Avoiding New Media: Impossible?

July 28th, 2011 by Christian

(or: Are Media Fast Assignments Inherently Dishonest?)

I just received a fascinating comment in my teaching evaluations from last year.  On the back of the eval form there is a free-response section where people are invited to make constructive suggestions about the course.  The results are usually fascinating, but in a bad way. Or in a puzzling way.

For example, one student in a previous class complained extensively about the discussion sections in a course that didn’t have any. I’ve also been propositioned in Korean. There are compliments, yes, and insults.  But this particular comment I received made me pause.

In the course I teach at the University of Illinois titled, Communication Technology and Society, one of my assignments is a new media fast. Basically it is 24 hours without “new” media, with a short reflection on it followed by an in-class discussion about what happened. This was accompanied by readings about the Amish, the Luddites, and the Appropriate Technology movement.

Media fasts have been a part of media studies courses forever, but I gave this assignment because I was particularly influenced by David Silver’s attempts to teach media by getting away from them.  (I also got my definition of “new media” from this other fast assignment I found online.)  I’ve attached the full text of my assignment at the end of this post.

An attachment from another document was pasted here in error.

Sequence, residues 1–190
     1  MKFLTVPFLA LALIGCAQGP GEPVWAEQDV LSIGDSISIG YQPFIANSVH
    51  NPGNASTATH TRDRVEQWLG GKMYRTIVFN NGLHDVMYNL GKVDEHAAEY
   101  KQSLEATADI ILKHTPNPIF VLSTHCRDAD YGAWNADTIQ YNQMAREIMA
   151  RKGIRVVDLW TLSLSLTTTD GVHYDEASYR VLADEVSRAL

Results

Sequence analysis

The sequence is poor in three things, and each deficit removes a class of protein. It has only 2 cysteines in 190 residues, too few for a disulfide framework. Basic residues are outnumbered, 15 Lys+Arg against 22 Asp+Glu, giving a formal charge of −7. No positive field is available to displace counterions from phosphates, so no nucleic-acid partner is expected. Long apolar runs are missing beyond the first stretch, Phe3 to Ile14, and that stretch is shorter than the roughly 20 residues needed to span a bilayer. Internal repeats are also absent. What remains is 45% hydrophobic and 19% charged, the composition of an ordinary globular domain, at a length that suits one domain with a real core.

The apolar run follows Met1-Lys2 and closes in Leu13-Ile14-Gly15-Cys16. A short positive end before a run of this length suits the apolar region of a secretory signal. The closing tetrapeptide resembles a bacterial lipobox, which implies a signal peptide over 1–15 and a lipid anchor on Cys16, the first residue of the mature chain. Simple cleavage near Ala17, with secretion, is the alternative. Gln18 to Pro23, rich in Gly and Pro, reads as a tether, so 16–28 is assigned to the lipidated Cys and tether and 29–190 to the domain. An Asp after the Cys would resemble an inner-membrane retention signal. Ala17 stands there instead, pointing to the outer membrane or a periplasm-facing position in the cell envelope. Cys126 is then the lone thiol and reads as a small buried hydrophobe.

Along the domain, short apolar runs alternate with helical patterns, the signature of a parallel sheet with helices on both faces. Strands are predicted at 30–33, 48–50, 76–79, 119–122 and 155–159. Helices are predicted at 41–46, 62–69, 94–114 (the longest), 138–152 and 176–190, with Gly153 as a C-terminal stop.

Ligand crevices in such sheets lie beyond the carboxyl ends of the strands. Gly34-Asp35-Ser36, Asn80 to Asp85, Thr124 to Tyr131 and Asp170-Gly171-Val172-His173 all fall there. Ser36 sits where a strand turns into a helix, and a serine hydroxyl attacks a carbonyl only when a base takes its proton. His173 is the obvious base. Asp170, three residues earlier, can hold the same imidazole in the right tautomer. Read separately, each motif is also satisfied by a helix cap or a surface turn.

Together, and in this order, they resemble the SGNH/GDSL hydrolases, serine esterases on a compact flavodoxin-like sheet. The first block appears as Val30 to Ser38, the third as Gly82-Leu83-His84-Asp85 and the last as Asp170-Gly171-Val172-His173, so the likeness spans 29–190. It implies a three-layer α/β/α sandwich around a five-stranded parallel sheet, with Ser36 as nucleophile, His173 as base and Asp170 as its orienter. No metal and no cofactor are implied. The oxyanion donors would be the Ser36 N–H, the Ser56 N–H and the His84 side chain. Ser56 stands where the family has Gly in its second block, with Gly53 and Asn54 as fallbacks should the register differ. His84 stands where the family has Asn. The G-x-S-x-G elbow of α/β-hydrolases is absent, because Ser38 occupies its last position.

Here’s the anonymous comment I received that made me pause (slightly paraphrased):

Requiring a media fast is inherently dishonest. It is impossible for anyone to be away from media for this long, or at least it is so much easier to lie than to complete the assignment that you’ve done nothing more than incite dishonesty… among 100% of the class.

At the time, I thought some of the responses to the fast were interesting, even insightful.

One student noted that they had to ask everyone the time all day because the only clock they own is a Blackberry. Another student wrote “I feel like I’m being punished for something.”

Someone decided to define the microwave and dishwasher as “new media” and voluntarily fasted from using them as well.

A student had previously fasted for religion and compared the two experiences of doing without: they concluded that doing without media is harder than doing without food.  (I’m sure a longer fast would reverse the situation though.)

Now I’m going over these in my head and thinking… are all of these lies?  How many of these responses are fabricated? It’s true, it would be much easier to simply make up the response than to actually complete the fast. Is this assignment worth giving?

It may be that for the U.S. college student avoiding new media is functionally impossible… or at least unlikely to ever work as an assignment.



ASSIGNMENT: New Media Fast

Part I: Select your fast time. The word “fast” used in this context means “to abstain.” Choose a time frame between now and this assignment’s due date when you will be able to spend 24 consecutive hours without new media. State the time period that you chose. Be sure that the time period requires some adjustment to your lifestyle, but it should not make you lose your job or harm your work in another class. For instance, you might choose one evening and the following morning so that you are not offline for an entire day. (No fair choosing 24 hours when you would already not be using new media.)